Mea Culpa: Graham Laments '72 Comments on Jews
Billy Graham has apologized in full for telling President Richard Nixon in a taped 1972 conversation that Jews have a "stranglehold" on the American media. The National Archives released the tape on February 28.
"This stranglehold has got to be broken or the country's going down the drain," Graham told the President in the Oval Office after a prayer breakfast. Graham also said that "they're the ones putting out the pornographic stuff."
In a brief initial statement, the ailing evangelist—who has given no media interviews about the recording—said he could not remember the exchange from 30 years ago.
Later, in a longer statement, Graham, 83, apologized fully for his comments. "They do not reflect my views and I sincerely apologize for any offense caused by the remarks," he said. "I cannot imagine what caused me to make those comments . …I was wrong for not disagreeing with the President. My remarks did not reflect my love for the Jewish people. I humbly ask the Jewish community to reflect on my actions on behalf of Jews over the years that contradict my words in the Oval Office that day."
Yechiel Eckstein, founder of the International Fellowship of Christians and Jews, says many Jews have a long-standing respect for Graham. Nevertheless, Eckstein says, "Statements like that don't help my saying to the Jewish community that we can trust evangelical Christians."
Trust between evangelicals and Jews will undergo another test in a few weeks. In Cincinnati, where Graham will hold his next evangelistic outreach June 27-30, there are about 25,000 Jews. Some of their leaders have asked to meet with Graham when he is in town.
Michael Rapp, director of the Jewish Community Relations Council of Cincinnati, has asked Graham to meet with Jewish leaders. Rapp says this would help ease their hurt. Jeff Anderson, mission director for Cincinnati, says the Billy Graham Evangelistic Association has not made a decision about the request.
Mitch Glaser, president of Chosen People Ministries, says the controversy "won't have a negative effect on Jewish evangelism."
Scholars vary in their assessment of Graham's Oval Office comments. William Martin, author of A Prophet with Honor: The Billy Graham Story, said the tapes have gaps and do not clearly indicate whether Graham was concerned about Jews generally or Jewish liberals. "[Graham] frequently showed some tendency to want to agree with those he was with, particularly those in power," Martin told Christianity Today. "In that context, he went along too easily with stereotypes." Martin calls the incident a "stain" on the Graham legacy, but says the revelations will not negate Graham's ministry of more than 50 years.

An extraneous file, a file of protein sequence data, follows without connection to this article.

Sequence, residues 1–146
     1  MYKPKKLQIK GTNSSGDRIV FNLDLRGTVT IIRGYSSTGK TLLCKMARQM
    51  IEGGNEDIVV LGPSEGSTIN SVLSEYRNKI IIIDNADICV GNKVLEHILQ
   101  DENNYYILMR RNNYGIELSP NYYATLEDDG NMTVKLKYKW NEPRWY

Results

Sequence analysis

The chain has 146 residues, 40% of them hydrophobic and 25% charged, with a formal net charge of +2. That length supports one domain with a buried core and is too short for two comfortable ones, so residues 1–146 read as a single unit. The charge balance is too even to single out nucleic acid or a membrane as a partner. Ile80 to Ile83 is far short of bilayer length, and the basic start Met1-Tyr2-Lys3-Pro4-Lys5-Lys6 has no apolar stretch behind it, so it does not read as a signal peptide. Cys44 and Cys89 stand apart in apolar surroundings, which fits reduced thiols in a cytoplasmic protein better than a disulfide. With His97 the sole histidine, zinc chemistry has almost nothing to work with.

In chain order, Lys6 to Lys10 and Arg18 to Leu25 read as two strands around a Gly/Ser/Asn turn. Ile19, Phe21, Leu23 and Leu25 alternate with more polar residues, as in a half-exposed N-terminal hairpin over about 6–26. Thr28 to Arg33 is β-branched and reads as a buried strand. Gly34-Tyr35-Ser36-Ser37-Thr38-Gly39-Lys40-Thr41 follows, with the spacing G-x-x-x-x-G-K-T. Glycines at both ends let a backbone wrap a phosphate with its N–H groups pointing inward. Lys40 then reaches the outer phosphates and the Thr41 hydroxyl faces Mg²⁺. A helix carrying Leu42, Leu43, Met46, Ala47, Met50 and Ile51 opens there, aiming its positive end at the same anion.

Marvin Wilson, author of Our Father Abraham: Jewish Roots of the Christian Faith, says Graham's remarks resemble the anti-Semitism historically present in the church. "The Jews are a people the church has vilified and scapegoated for centuries," Wilson said. "What makes this so painful is that it comes from the lips of a highly respected Christian leader."
Eckstein says Christians and Jews should use Graham's comments to examine themselves for prejudices. "The question becomes, how can we learn from this episode, to take bitterness and pain and forge and shape it into something healing for Christians and Jews?"
Graham encouraged similar reflection. "I urge everyone to examine themselves and renew their own hearts before God," he said. "Of greater import or concern than any tapes made in the White House, each of us must face the fact that God has 'tapes' that record not only our actions but also our thoughts and our intent."